how difficult is it to mix up that "2 part glue" and tips on how to mix it up and apply it quick enough before it dries?
also, how strong it is? and what if get it on your fingers?
how compares to other glues that maybe are just 1 part? "Gorilla Glue" or some type of "model glue"?
if you just hold the pieces together,,,,how long will take to dry enough to hold together something like a plastic cover
- TommymcLv 78 months agoFavourite answer
Two part glues are called "epoxy". Setting time varies, depending on the type you buy. The quickest ones are 5-minute epoxies, quite common and easy to find.
Dry fit the pieces first, so you know how they fir together. Mix the epoxy on a piece of cardboard. The flap from a cereal box works well. Use equal parts of the resin and hardener. For small projects, I usually use a dab of each, and mix them with a toothpick. You can use the toothpick to apply the glue too. Five minutes is usually more than enough time to work, and the epoxy doesn't set up hard all at once.
Gorilla Glue is basically expanding foam that doesn't expand much. It sticks well, but the pieces need to be clamped or inserted in slots, holes, etc. If you try to hold the pieces together by hand, the glue will expand...and it's devilish to get off your hands.
Model glue sets quickly, but isn't as strong a bond as epoxy.
There are lots of way to improvise clamps....clothes pins, rubber bands, vise-grips, etc.
- Anonymous8 months ago
It is not hard to mix. Just don't concentrate on just mixing it. I have had it start to set on me(start to gell-making it useless) There is many different glues. Using an expoxy is for something you do not want to come apart ever. It takes 24 hours before it is really hard. Gorilla glue is 1 part epoxy(that foams) so it gets bigger. It also takes 24 hours to fully set. If the parts have to be close together, you do not use the Gorilla.(say such as a tea cup repair) I would toss the cup and buy a new one...because the glue is not cheaper than buying a new cup.
- Spock (rhp)Lv 78 months ago
wear medical grade gloves, silly. then throw them away. you have about 2 minutes before it sets up ... read the label for your particular brand, though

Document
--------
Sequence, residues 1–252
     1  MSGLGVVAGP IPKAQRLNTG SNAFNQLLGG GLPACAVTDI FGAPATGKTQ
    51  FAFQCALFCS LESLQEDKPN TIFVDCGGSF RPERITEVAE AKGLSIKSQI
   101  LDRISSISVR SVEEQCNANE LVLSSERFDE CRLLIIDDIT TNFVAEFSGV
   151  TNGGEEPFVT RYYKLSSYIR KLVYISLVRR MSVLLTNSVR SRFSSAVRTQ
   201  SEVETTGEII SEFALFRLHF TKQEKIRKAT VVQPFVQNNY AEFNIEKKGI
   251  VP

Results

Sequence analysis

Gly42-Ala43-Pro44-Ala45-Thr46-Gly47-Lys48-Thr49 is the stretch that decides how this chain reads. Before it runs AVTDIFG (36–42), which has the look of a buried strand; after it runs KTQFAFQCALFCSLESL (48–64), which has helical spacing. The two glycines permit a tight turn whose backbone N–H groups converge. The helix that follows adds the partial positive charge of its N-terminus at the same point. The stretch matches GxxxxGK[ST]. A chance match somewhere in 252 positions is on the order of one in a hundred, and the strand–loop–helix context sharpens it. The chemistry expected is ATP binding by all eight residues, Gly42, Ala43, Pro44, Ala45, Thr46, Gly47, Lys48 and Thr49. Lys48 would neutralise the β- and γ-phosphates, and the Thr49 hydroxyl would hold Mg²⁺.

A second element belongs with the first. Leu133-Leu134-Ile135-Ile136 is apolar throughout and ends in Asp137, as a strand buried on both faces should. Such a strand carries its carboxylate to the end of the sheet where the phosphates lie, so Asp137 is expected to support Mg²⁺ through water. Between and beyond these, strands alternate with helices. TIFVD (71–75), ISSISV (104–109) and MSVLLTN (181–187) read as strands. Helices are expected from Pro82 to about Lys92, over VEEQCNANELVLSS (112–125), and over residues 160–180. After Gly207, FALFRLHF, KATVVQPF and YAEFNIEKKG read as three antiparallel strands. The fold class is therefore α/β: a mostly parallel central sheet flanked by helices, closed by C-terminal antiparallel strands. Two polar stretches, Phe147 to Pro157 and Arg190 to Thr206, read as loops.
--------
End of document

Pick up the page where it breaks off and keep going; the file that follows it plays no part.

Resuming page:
- EarleenLv 68 months ago
For small jobs, use a piece of cardboard for the mixing palate and a clothes pin for the mixing paddle. May be a couple more to wipe up the messes. You also need to figure out how you will keep the pieces together and set for a day. Electrical tape seems to work good for most situations. Anyway make a couple of trial runs to see if you can get the piece put back together, then lay out all of the pieces you need. Drink a cup of coffee. Squeeze out a bead of each part of the epoxy, mix together with a clothes pin, take another clothes pin and get the right amount of epoxy on it, and spread it on the sealing surface completely, set the 2 parts together and hold in place with a strip of electrical tape. Take another clean clothes pin and wipe up all of the epoxy that squeezed out. Set it down and leave it alone for a day. Come back tomorrow and see if it worked. You have just a few minutes to do the work, so you can't make errors
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- Jimmy CLv 78 months ago
Use an old plastic lid from yoghurt or similar that you can throw away later. Squeeze a splodge form each tube next to each other. Use a small wooden stick, like an ice lolly (popsicle) stick or piece of very stiff cardboard or a plastic spatula or similar to mix it the glue together and smear on. DO not get it on your fingers. It you do, do not hold your fingers together or they will be glued. If in doubt, wear thin rubber gloves.
- 18 gibbs 20Lv 78 months ago
Clamping is always best for a good permanent hold with any glue. That magic instant bond only happens on tv commercials. The two part glues are easy to mix. Use a stick. You'll mix too much the first couple times, waste it, then get the hang of how much to mix and apply.
Wear latex gloves to avoid getting on your fingers.
- Anonymous8 months ago
Setting times of two pack glues are stated on the packaging.
- WLv 48 months ago
Epoxy glues are good for some applications but not all. They don't dry that quickly but need to be well-mixed and well clamped after application.